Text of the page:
Everyone knows the word, but how many have ever seen the animal? The definition
medium-sized, nocturnal African mammal, Orycteropus afer, which has sparse hair, long ears, an elongated snout, strong burrowing limbs, and a thick tail, feeding solely on ants and termites
does not make the beast sound immediately prepossessing, yet some people find this Cyrano de Bergerac of the animal kingdom cute. (The wording of that Oxford English Dictionary definition could also suggest, somewhat surreally, that it is the critter’s tail which feeds solely on ants and termites).
The aardvark is not mythical, like the phoenix, since it really exists, but it has its own urban myth. Ask anyone which word comes first in an English dictionary, and they will assuredly answer “aardvark“. But it generally is not the first word in “the dictionary”.
And the first word in an English dictionary is…
That honour usually goes to the letter A, as in the Oxford English Dictionary (OED). You might think a simple letter would be child’s play to define. In fact, the OED divides it into no fewer than 33 senses, including everyday meanings such as the musical note, and more technical ones such as A denoting a socio-economic grouping and A for Ångström.
Dozens of abbreviations follow before the next entry, the humble but indispensable indefinite article (aka “general determiner”) a. It is followed by numerous entries for a in different guises, such as in Bob Dylan’s “The times they are a-changin“, as a prefix (asexual), and as a Latin or Greek suffix (idea, data).
Finally, we strike gold with the first truly lexical entry. And it is? (A very muffled drumroll for) aa, meaning a stream or watercourse, last spotted in 1430 and marked as not only obsolete but rare. Several more curiosities, including some that may be useful for Scrabblists, intervene (aal, from Hindi, the Indian mulberry tree, aapa, from Urdu, meaning older sister) before we get back to our ant-eating, ground-digging mammal with its thirty-centimetre-long tongue.
South African Dutch, which became Afrikaans, is the language from which English borrowed aardvark, originally written as aardvarken. The aard- part is the Dutch word aarde, which means “earth” and comes from the same Germanic stock as the English word. (The connection between the two is easier to see in the medieval Dutch form of the word, which was ertha.) The -varken part means “pig”. And the animal is also called earth-hog and earth-pig in a loan translation.
Another sign of how English and Afrikaans are ultimately related can be seen in the word Apartheid. It meant literally “apart-ness”, and the -heid element matches the -hood of childhood, priesthood, and other “-hoods“.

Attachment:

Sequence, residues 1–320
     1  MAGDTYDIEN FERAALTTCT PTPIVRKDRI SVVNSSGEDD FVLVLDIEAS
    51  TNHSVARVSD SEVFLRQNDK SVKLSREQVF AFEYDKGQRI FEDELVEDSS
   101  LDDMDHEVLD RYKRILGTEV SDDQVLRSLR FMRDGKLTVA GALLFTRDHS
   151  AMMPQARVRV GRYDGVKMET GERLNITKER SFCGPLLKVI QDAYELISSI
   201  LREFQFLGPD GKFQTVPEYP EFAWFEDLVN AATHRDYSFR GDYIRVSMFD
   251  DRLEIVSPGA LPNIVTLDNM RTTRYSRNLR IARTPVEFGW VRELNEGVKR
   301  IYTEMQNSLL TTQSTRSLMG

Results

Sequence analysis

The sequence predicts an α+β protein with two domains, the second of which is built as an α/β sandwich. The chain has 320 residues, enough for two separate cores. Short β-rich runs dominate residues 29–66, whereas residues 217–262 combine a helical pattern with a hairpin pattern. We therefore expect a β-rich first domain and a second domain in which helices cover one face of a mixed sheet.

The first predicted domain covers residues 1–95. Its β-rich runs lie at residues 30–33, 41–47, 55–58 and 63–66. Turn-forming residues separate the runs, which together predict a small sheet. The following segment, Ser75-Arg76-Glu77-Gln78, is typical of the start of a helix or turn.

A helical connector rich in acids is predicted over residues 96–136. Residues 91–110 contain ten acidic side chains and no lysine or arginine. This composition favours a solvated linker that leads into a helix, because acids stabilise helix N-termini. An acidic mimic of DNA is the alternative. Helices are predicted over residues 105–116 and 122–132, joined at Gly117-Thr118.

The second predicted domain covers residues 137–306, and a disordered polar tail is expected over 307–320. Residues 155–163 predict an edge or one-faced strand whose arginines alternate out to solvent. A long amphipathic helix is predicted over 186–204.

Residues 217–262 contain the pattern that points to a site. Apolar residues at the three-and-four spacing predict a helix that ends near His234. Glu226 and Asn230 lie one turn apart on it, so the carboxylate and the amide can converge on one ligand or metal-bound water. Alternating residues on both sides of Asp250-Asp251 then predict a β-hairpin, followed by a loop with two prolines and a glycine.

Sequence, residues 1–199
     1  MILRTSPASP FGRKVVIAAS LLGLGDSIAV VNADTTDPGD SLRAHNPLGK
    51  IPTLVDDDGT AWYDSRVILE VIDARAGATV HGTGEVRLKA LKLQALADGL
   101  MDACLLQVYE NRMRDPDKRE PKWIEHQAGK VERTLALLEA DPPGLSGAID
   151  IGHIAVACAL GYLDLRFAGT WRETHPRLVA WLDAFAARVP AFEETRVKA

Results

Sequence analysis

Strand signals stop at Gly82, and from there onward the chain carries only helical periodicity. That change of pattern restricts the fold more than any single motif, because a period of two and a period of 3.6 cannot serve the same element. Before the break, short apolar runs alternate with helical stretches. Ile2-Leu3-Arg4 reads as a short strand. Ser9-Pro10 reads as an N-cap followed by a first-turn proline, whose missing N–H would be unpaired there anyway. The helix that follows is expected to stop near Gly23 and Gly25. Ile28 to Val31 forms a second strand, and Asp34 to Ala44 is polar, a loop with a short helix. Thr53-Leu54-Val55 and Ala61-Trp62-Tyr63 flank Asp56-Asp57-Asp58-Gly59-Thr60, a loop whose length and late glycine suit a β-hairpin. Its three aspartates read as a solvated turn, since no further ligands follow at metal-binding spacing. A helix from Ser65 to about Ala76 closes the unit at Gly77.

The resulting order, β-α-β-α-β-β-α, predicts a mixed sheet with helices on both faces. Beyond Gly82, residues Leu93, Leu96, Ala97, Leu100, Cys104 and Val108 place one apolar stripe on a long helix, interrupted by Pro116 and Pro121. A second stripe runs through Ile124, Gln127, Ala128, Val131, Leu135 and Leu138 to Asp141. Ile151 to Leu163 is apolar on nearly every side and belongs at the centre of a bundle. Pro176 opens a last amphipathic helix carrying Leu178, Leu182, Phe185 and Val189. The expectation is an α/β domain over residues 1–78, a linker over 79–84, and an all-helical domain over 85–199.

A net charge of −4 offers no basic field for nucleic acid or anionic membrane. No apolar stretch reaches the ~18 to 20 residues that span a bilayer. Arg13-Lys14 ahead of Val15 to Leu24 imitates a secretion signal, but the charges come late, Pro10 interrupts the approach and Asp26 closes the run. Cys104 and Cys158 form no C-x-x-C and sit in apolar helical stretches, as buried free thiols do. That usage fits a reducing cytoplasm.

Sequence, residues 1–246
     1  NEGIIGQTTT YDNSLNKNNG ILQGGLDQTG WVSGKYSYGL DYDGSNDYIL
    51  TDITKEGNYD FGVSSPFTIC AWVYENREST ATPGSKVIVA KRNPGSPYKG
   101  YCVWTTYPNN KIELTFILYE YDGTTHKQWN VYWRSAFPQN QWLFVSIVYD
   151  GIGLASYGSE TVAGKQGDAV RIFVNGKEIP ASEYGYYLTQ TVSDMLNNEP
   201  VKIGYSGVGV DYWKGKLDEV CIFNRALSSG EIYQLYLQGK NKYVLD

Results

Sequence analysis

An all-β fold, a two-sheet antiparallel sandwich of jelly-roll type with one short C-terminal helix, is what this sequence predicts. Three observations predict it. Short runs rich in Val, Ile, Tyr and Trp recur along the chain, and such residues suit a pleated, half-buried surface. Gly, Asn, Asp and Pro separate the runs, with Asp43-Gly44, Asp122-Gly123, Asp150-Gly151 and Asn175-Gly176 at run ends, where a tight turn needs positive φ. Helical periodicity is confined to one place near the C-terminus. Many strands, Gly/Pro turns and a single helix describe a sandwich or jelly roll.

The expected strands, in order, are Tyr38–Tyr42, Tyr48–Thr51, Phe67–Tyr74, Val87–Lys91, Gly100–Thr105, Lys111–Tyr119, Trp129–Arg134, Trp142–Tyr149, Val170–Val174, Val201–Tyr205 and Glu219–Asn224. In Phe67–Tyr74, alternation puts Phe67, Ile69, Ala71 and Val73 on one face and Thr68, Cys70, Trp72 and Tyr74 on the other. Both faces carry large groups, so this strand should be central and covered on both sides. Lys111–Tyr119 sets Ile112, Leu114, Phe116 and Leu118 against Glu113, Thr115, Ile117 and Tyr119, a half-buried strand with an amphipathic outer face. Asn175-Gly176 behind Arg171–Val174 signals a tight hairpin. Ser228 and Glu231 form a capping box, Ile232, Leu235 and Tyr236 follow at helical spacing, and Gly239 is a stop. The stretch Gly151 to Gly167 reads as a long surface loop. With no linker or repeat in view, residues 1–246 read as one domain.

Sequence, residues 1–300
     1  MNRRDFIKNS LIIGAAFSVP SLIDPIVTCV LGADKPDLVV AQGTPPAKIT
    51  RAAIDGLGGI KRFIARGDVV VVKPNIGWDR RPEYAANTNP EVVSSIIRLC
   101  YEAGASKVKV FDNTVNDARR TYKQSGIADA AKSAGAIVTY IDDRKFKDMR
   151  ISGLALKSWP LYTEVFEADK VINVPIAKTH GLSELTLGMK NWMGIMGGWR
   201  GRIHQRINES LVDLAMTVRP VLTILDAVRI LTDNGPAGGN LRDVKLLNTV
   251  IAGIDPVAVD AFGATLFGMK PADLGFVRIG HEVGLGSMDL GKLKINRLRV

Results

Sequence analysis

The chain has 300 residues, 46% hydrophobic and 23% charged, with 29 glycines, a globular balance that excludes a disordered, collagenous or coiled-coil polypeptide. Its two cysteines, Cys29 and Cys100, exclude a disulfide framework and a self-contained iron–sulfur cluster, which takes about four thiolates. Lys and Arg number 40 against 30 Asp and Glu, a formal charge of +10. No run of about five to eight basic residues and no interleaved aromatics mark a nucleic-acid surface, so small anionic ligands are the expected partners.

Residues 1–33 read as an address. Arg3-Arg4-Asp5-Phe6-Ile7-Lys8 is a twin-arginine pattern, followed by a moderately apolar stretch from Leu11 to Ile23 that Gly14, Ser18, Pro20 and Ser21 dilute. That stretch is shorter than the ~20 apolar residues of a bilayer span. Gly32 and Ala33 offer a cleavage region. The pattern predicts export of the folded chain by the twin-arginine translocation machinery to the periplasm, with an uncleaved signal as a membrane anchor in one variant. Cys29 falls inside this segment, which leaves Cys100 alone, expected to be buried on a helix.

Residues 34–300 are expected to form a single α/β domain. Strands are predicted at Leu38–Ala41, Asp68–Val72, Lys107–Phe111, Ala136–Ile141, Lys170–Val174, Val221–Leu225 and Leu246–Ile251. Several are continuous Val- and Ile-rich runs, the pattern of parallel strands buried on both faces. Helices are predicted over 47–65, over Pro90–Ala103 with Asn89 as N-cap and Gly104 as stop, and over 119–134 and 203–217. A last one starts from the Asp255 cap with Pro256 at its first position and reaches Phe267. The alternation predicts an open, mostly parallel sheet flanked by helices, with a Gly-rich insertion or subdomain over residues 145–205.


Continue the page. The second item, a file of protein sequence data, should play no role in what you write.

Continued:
Other Afrikaans words in World English
Afrikaans is an offshoot of Dutch, and is one of the most widely spoken of South Africa’s eleven official languages. Its gifts to World English include trek as a noun and verb, and commandeer. Commandeer is multiply borrowed, a bit like a parent’s car, in that it was borrowed from Afrikaans kommandeer, which borrowed it from Dutch commanderen, which borrowed it from French commander. Phew!
It rose to prominence in British English during the First Boer War of 1880-1881. It was originally used to mean “to force into military service”, as The Times reported on 5 February 1881:
The night previously the Boers had commandeered the natives…and compelled them to fight.
Its more metaphorical meaning of taking arbitrary possession of something came later:
The naïve claims put forward by the Boers to some special Providence—a process which a friendly German critic described as “commandeering the Almighty”.
Sir Arthur Conan Doyle, 1900.
Rather more colourful is scoff, the informal noun for food. It is from Afrikaans schoff, representing Dutch schoft “quarter of a day”, hence the four meals in a day. The OED’s first quotation comes from the 1846 Swell’s Night Guide; or, a peep through The Great Metropolis, a rather louche guide for the man about town in search of interesting nightlife, including casual sex (plus ça change):
It vas hout-and-hout good scoff, and no flies.
(The spelling is not a mistake. It presumably mimics the speaker’s accent.)
And a word which demands a wider airing is stompie, a cigarette butt, or a partially-smoked cigarette, especially one stubbed out and kept for relighting later, as in South African playwright Athol Fugard’s
The whiteman stopped the bulldozer and smoked a cigarette… He threw me the stompie.